Divine Flesh

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Daily Reformation, Isaiah 53:1-5

From the Reformer

His transfiguration did not altogether enable his disciples to see Christ, as he now is in heaven, but gave them a taste of his boundless glory, such as they were able to comprehend. Then his face shone as the sun; but now he is far beyond the sun in brightness. In his raiment an unusual and dazzling whiteness appeared; but now without raiment a divine majesty shines in his whole body. Thus in ancient times God appeared to the holy fathers, not as He was in Himself, but so far as they could endure the rays of His infinite brightness; for John declares that not until they are like him will they see him as he is, (1Jn 3:2.)

—John Calvin, A Harmony of the Evangelists

Pulling It Together

The world views Jesus in so many ways: a good teacher, a prophet, a holy man, a trouble-maker, an alien visitor, and a spirit but not a man at all. Some say he is a fabrication of the Church. Others say he is a religious construct to keep the masses in order. The Church says that Jesus is the promised Savior and God’s own Son. The Church further believes that he is God incarnate—Divine flesh—God himself come to earth, died, and risen. Though church folks state this belief, many have yet to truly see Jesus as he is. They do not see him transfigured in glory. Until a person sees beyond a man with no desirable beauty, beyond a man who spoke compelling words, beyond the figurehead of the Church, and sees God in all his glory, a person has yet to see Jesus. Who do you see?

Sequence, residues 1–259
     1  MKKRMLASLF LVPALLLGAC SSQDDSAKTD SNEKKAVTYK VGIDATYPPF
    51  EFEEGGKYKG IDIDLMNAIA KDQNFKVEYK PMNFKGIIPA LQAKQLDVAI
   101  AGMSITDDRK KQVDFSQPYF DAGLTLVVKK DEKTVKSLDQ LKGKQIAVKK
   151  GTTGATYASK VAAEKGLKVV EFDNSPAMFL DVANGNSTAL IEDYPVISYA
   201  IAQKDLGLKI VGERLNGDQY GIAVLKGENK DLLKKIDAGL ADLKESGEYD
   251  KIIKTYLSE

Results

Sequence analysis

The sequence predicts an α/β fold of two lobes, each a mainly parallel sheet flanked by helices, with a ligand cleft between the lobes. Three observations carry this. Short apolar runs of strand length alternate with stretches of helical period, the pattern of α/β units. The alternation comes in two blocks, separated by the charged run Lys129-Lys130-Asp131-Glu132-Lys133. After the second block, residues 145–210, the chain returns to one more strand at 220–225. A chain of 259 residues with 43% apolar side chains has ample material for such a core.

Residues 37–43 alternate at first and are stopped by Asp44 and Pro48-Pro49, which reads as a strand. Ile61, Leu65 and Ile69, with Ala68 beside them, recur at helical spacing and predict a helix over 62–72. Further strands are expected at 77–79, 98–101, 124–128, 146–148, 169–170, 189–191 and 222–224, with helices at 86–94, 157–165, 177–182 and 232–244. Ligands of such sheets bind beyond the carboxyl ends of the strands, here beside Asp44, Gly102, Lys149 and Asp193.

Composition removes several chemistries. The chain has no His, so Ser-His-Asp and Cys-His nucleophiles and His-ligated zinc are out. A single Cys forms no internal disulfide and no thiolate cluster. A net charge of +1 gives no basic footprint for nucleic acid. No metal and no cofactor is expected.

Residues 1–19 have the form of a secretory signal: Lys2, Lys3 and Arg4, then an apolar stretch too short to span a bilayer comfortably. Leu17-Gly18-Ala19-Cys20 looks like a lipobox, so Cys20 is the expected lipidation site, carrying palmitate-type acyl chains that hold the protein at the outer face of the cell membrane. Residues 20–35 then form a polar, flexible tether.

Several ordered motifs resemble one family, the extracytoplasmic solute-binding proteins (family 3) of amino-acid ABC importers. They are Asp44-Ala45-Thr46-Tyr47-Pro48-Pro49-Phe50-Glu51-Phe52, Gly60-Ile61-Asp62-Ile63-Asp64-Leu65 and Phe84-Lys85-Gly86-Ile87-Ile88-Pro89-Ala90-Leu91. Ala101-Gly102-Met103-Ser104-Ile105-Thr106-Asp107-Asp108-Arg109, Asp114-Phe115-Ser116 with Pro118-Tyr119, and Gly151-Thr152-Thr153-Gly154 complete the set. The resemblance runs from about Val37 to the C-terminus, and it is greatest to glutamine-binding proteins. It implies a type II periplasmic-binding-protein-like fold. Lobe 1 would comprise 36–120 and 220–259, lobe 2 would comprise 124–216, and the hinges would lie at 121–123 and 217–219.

© Mark E. Ryman, Daily Reformation: Devotions with the Reformers

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